Digital cables are becoming more important for the general hi-fi user. Paul Rigby reviews the Ultra Silver digital RCA interconnect from Tellurium Q
The Ultra Silver cable? Well, it’s, err black and white in colour, the terminations are black and it’s 1m long. It’s also kinda bendy.
I’m being facetious. Can you tell?
If there is one thing that irritates me whenever I review a cable from Tellurium Q it is a paucity of technical information that is available about that particular product. Talk to a DAC or speaker manufacturer, for example, and they are only too happy to ramble on to you about the product in hand. In fact, such is their enthusiasm, you often have to tear yourself away with false stories about prior engagements: you’re late for a train, you have a funeral to go to…Not this company. Whenever I ask them for background information I get a small intake of breadth and a disappointed shake of the head. The sort you get when you put your disabled car into a garage and you ask the mechanic. “How much?” TQ obviously don’t want their competitors to know the secrets of their award winning designs but something, anything would be useful. For me to waffle on with, for one, if not to help customers to make some sort of informed choice. And don’t mention the general introductory babble on the website as any sort of viable alternative.
But enough griping. What really matters is what a product sounds like, after all. Bottom line? If the cable sounds good, then you’re sorted. Text or no text Even so…
To test this digital cable I powered up a Leema Elements CD player to run a series of CDs. I only wanted to use the rather nice Leema transport, though, so I hooked the Tellurium Q cable between it and a Fostex HP-A8C DAC and attached that lot to my reference hi-fi system. To judge the performance of the TQ cable, I brought in a series of highly regard Polish digital cables from Audiomica.
To begin, I chose a Bing Crosby track, Swanee, recorded in 1955, to home in on the baritone voice of the Ol’Groaner. Crosby is backed by piano and light drum percussion which were placed back in the mix. Taken from the Bing On Broadway album, this track was fairly close mic-ed and so there are plenty of breathy passages in between the singing with lots of subtle vocal inflections.
Inserting the TQ into the mix, even before we got the sonic qualities of the music, there was a distinct drop in distortive noise. That is, each measure of silence that sat in between each vocal pause, between each and every note, was blacker than before. This succeeded in reducing the volume from the off which warranted an increase in gain by a notch or two to achieve the same volume. That done, I started the track again and addressed the music directly but was drawn back again to what was not being heard. This time, I never realised that Crosby, when he inserted a quick crescendo, was causing his upper mid output to bloom a bit which was just a touch objectionable to the ear. No pain, just a slight wince. The TQ removed that and didn’t stop the crescendo but, instead, opened up this part of the vocal and revealed more detail of the vocal delivery.
As for the rest of the vocal? Crosby exhumed supreme control with lots of textural detail that allowed more emotion to spout forth along with plenty of delicate, nuanced emphasis and restraint when appropriate.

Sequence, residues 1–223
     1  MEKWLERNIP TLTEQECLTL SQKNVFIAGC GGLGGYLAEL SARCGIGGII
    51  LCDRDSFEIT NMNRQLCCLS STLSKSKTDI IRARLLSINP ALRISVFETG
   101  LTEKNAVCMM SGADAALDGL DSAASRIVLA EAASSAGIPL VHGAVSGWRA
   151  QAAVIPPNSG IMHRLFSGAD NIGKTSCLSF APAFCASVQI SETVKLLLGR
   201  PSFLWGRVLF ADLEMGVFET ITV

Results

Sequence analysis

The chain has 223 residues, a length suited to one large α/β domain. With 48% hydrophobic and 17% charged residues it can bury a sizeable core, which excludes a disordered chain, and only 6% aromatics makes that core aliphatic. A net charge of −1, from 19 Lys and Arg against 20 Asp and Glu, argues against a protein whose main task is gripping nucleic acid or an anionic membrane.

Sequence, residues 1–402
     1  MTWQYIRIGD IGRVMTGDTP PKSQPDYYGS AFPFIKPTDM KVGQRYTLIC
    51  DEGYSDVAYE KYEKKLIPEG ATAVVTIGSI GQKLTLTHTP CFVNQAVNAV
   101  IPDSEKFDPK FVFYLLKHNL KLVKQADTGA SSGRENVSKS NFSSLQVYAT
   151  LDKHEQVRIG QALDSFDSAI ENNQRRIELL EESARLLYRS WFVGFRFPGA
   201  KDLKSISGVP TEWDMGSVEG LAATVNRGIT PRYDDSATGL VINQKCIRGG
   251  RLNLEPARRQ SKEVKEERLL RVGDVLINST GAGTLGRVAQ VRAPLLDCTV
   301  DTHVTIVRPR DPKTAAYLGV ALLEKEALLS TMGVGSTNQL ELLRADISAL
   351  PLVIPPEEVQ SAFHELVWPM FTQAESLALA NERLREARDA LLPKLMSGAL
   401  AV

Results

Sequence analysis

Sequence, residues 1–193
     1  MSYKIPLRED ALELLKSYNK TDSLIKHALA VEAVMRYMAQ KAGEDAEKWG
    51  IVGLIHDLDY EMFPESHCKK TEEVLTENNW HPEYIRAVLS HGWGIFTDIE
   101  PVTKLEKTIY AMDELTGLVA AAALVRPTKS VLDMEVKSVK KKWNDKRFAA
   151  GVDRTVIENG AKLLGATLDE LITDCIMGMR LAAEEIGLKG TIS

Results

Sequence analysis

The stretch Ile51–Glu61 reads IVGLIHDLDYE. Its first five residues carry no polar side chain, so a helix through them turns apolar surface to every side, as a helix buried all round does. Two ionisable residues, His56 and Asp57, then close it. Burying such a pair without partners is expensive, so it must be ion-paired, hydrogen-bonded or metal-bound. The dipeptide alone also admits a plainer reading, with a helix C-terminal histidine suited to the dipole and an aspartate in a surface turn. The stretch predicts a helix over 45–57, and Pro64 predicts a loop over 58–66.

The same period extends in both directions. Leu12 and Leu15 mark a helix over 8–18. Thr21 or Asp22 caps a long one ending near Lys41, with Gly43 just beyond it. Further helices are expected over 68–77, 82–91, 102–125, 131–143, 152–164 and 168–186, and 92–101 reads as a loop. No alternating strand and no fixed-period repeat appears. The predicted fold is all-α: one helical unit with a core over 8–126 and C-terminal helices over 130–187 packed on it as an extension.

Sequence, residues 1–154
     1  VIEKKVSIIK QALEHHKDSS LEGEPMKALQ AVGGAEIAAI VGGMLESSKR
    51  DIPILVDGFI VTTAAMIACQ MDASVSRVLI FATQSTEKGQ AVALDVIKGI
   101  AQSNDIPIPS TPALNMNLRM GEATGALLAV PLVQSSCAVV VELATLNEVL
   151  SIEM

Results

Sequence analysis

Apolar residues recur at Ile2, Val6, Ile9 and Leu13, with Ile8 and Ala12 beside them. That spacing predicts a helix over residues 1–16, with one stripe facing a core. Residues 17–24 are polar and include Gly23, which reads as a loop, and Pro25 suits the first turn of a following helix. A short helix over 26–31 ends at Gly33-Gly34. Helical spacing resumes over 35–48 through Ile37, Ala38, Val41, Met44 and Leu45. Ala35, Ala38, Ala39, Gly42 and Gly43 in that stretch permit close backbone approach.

As for the backing? I clearly heard a double bass for the first time! Instead of the blurry, muddy instrument that resided there before. So, add that to the drums and piano then. Both percussion and piano also sounded more characterful and open in nature.
I turned to something more upbeat and contemporary with Depeche Mode’s album, Violator and the track, Enjoy the Silence (ironic, eh?)
The thing about this cable is that, after 10 seconds of listening, there is so much good stuff to write about that you feel like typing four paragraphs worth of superlatives which destroys the listening flow, I can tell you.
What struck me most, though, was two things. Firstly, the pin sharp focus and timing present from the percussion. A series of beats that not only started and stopped on the proverbial nail but also did so with form and structure so that each was discernible to the ear. Also, the plucked strings of the reverb-laden electric guitar didn’t sound more metallic – which is what I hoped to hear. Instead, they sounded more wooden. That is, the slap of the string against the wooden case was heard in amongst the strings. Marvellous. The lowering of distortive noise also meant that the busy and wide soundstage gave up more detail and information, including rather subtle synth noises.
Finally, I looked for an orchestral piece and decided upon Ennio Morricone’s Gai Intoccabili and the track La Ballata Di Hank McCain. Here, the brass, a notorious genre of instrument that can both smear and screech when treated badly, was focused well to provide a smooth output that combined precision with a grandeur that lit up the soundstage.
The Tellurum Q Ultra Silver is a remarkable cable more for what it leaves out. The removal of a host of distortive noise gives music both space and time to flow forth. The increased silence and air that the TQ allowed into the music gives the sonics time to add both character and structure to each note. What you are faced with then is unparalleled character and focus that demands your attention.
TELLURIUM Q ULTRA SILVER DIGITAL RCA
Price: £740 for 1m
Tel: 01458 251997
Good: focus, low distortion, clarity, transparency
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